Saturday, 4 June 2011


The word of the day is: 'malo'= bad.
The adjective  'malo'/ 'mala' is used describe someone or something as lacking in quality or being damaging, unpleasant (weather), incompetent (profession), ill/ nasty (person), in a bad state (food).

Related adverbs are 'mal' (badly) and 'malamente' (badly/ hardly/ only just)

Related nouns are 'el malo'/ 'la mala' mean the 'baddy'/ 'villain' and 'el mal' the (evil).

Grammar: In Spanish, when placed in front of a noun, the adjective  'malo', looses the ending 'o' and becomes 'mal'. This happens only in front of masculine nouns.


We also use 'malo'/ 'mala' in expressions such as:
  • Mala leche (nasty/ spiteful intentions or being in foul mood... or bad luck)
  • Con mala idea (with nasty intention(s))
  • Mala pata (bad luck)
  • Mala palabra (rude or dirty word)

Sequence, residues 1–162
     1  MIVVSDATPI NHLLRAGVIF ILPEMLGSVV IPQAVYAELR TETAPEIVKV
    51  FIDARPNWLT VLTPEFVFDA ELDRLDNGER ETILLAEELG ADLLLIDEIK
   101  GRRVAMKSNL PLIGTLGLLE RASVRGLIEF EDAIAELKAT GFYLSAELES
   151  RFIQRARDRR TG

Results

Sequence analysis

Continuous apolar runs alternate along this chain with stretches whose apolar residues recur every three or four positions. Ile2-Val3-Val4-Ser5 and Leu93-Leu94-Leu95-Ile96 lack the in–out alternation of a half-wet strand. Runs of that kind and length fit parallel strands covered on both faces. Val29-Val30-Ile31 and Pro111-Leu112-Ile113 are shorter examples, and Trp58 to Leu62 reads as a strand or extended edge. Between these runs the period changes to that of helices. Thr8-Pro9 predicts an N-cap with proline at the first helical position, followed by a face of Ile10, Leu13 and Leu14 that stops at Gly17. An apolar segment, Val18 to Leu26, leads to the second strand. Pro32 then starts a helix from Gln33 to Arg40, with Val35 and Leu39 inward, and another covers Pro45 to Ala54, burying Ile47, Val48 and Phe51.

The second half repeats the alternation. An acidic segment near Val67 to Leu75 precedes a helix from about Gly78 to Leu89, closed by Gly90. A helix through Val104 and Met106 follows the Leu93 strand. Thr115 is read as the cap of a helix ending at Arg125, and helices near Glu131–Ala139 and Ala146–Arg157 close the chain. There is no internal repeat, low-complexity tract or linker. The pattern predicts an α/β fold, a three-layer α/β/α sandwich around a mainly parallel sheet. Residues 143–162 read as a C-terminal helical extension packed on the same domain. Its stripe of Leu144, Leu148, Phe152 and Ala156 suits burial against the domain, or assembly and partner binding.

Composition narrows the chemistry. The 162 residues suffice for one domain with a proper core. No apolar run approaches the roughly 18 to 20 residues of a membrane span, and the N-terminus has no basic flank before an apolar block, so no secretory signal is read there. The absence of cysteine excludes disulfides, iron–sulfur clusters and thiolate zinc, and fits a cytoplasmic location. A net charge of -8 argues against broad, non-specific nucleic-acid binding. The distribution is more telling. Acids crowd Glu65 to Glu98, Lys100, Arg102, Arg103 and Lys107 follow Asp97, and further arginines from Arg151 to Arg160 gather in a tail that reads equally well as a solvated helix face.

• (Hacerse) mala sangre (to get upset)
  • Malas artes (devious means/ guile/ cunning)
  • (Dicen) las malas lenguas (heard on the grapevine/ )
  • Malos tratos (ill treatment)
  • A las malas/ Por las malas (unwillingly/ against the will)

Examples of usage are:
  • El pescado está malo (the fish has gone off)
  • Eres un mal amigo (you are not a good friend)-Note, before the noun 'amigo', we use 'mal'
  • El malo de la película (the 'villain' in the film)
  • El mal está por todas partes (there is evil everywhere)
  • ¡Qué mala pata! (what bad luck!)
  • Manolo me hace esto a mala leche (Manolo is doing this to me to be spitful)
  • Manolo está de mala leche (Manolo is in a foul mood)
  • ¡Qué mala leche!, empieza a llover (what bad luck! it started raining)
  • A las malas no conseguirás nada (against the will, you will achieve nothing) loves the word 'malo' in the song 'El malo' sung by Aventura:

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